Deciding upon a career is an important and difficult choice to make. Within the intellectual property profession, work experience can offer an opportunity to gain a real insight into the work of a patent attorney, helping you answer the question – is the IP profession for me? Laura Collins, HR Advisor with D Young & Co, offers her expert advice for both finding and making the most of IP work experience.

If you’ve heard about the patent profession and seriously think it might be a good fit, an internship is the best opportunity there is to take the next step.
Sam Keyes, Technical Assistant,
D Young & Co.

Requirements

IP firms offering work experience opportunities are looking for candidates with a genuine desire to find out about the IP profession and to gain a real perspective of what life as a patent attorney is like.

Candidates will need an exceptional academic record in a scientific or technical discipline. Some firms may have different work experience opportunities available for different departments so make sure to consider the criteria when applying.

As well as the above, other key skills that firms look for include:

– Excellent written and verbal communication skills.
– The ability to work well in a team as well as autonomously.
– Good time management skills and an understanding of the importance of deadlines.
– Strong analytical skills.
– Meticulous attention to detail.

The application process

To find available work experience placements, visit the careers pages of different IP firms and also IP Careers’ Job Search pages to see what opportunities are on offer, or refer to the Job Finder table from page 186 of the 2019/20 Chartered Patent Attorneys guide. Some may advertise at different times of the year so, if an opportunity isn’t available when you first look, don’t give up!

Application processes can differ. For the first stage, you may be asked to complete an online application form or send a CV and covering letter. Vacancies are highly sought after and therefore you should try to include something in your application that will make you stand out. For a second stage, some firms may invite you to an interview, either in person or via telephone. During the whole process, it is important to show why you are interested in the work experience or internship opportunity and why you want to be a patent attorney. Make sure that you complete some research into the firm that you have applied to, the work of a patent attorney and the process of training to become qualified. Some firms may also ask behavioural interview questions that require you to provide examples from your previous experience. You could be asked to describe a time when you have worked well in a team or a time when you have met an important deadline for example. In advance of your interview, consider the key skills that you need to be a patent attorney and think of examples of situations where you have demonstrated these skills.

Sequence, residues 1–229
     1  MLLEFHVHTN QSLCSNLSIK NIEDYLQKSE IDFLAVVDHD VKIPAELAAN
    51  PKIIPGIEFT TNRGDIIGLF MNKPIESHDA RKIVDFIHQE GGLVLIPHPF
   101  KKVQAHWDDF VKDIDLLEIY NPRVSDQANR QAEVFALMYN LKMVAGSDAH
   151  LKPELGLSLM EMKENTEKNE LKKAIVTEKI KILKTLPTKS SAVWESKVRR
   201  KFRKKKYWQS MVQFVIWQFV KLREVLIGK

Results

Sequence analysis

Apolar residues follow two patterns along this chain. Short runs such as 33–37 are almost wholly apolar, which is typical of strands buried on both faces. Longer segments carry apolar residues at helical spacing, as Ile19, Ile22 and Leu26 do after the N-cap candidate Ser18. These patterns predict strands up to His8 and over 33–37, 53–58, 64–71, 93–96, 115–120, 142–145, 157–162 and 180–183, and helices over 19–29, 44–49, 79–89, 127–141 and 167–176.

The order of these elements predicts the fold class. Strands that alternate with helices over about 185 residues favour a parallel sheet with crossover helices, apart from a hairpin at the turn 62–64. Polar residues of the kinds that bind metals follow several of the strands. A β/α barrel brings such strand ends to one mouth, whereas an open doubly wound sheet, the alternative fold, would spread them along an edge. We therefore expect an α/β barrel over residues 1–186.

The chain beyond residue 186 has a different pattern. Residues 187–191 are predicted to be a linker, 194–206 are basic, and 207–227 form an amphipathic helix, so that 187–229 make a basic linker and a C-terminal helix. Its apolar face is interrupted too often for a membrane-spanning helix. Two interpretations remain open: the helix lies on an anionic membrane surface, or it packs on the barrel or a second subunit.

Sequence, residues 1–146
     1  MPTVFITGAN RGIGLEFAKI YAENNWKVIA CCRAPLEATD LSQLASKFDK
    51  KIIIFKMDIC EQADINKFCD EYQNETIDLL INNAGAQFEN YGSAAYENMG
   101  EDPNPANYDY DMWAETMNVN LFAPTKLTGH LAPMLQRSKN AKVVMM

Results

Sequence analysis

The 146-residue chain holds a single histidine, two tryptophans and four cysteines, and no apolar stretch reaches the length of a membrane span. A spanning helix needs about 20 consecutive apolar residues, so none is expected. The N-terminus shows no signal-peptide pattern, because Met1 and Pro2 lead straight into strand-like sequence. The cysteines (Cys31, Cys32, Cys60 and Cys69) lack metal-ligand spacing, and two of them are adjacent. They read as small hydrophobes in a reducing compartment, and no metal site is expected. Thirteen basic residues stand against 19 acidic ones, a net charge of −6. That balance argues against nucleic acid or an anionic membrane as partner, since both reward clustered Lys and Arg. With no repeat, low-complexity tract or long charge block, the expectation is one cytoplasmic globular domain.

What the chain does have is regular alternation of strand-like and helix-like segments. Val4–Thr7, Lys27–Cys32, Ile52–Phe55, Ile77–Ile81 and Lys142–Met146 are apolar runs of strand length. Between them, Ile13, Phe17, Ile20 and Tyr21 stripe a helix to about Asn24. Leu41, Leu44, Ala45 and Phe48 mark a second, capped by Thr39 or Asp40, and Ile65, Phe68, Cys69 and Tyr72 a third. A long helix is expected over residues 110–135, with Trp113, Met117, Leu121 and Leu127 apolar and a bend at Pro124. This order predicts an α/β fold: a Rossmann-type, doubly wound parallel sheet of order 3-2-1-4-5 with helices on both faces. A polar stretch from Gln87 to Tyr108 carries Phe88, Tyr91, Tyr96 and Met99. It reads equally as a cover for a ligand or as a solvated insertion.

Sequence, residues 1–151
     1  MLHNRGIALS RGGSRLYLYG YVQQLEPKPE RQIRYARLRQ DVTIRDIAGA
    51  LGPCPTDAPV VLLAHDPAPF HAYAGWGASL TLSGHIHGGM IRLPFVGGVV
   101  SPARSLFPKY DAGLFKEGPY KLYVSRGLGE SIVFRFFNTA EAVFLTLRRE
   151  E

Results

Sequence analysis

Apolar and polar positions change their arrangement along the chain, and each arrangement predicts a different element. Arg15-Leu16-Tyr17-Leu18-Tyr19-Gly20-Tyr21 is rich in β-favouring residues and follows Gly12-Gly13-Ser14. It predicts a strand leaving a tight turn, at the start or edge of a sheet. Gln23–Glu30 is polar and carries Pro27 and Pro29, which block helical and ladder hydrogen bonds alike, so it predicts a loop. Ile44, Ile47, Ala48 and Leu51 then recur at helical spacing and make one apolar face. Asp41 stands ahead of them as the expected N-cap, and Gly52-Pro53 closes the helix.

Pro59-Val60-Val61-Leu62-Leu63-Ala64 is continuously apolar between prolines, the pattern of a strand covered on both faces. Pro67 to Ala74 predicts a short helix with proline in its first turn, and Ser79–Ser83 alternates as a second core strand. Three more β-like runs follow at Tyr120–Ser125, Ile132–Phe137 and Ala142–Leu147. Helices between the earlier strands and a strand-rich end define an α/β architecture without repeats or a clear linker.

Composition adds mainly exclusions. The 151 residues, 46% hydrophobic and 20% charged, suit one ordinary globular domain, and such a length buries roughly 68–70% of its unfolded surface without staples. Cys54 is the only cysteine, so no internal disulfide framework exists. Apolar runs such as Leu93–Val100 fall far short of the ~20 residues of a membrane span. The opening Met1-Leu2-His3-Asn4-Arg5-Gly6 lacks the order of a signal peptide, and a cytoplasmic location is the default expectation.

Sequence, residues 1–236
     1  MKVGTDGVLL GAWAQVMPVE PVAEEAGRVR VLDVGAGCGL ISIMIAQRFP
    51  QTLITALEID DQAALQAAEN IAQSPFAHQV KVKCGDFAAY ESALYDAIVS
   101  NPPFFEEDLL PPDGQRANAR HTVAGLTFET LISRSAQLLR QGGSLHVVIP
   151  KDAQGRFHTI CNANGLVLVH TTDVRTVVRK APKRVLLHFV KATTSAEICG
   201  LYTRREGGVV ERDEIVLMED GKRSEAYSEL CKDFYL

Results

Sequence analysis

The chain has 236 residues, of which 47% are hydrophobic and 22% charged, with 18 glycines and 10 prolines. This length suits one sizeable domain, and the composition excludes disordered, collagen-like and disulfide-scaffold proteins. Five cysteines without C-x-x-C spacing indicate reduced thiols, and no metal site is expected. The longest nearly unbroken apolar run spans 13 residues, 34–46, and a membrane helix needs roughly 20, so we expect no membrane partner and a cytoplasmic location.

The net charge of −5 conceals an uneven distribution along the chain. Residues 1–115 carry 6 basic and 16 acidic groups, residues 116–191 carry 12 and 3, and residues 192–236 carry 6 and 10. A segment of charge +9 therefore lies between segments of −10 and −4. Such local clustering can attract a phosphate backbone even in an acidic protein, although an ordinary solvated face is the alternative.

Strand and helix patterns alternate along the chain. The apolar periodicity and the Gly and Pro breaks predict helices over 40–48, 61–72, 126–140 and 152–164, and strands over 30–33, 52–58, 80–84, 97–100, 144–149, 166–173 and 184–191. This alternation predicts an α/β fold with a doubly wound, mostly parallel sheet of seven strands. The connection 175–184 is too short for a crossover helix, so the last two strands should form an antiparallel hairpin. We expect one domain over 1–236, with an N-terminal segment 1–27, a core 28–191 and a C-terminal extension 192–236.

Good candidates will have an excellent knowledge of technology. However, we also want to see that candidates have the same passion that we do for clever ideas and invention.
Alan Boyd, Partner, D Young & Co.

Benefits

Work experience will allow you to obtain invaluable knowledge about the IP profession and take part in a range of activities to give you a taste of the work of a patent attorney. You may be asked to draft a claim or prepare an argument for a mock hearing. You will have the opportunity to spend time with and put questions to current attorneys and trainees and you will gain an honest impression of the firm that you visit and a feel for the atmosphere and ethos. All of these elements will ultimately assist you in making a decision about your future career.

Following work experience, some firms may offer subsequent longer internships or even the opportunity of a trainee position with the firm so make every second count!

What do I do if I don’t secure work experience or an internship?

As previously mentioned, vacancies are highly sought after and there will be a lot of competition for places. It is important not to stop looking for opportunities if you are not successful in obtaining a place first time and remember that, if you have not managed to obtain a work experience placement, you are not precluded from applying for a trainee position with a firm.

You can also try to find out about the profession from other sources. Some universities invite patent attorneys to visit and give talks on the profession. You may also have the opportunity to visit a careers fair where you can meet representatives from different IP firms. Take every opportunity to speak to patent attorneys about the profession to assist you in answering the question – is the IP profession for me?

Keep checking IP Careers for the latest patent internships and insights, or sign up for job alerts by email so you never miss an opportunity.

 

Laura Collins is an HR Advisor with leading IP firm D Young & Co.

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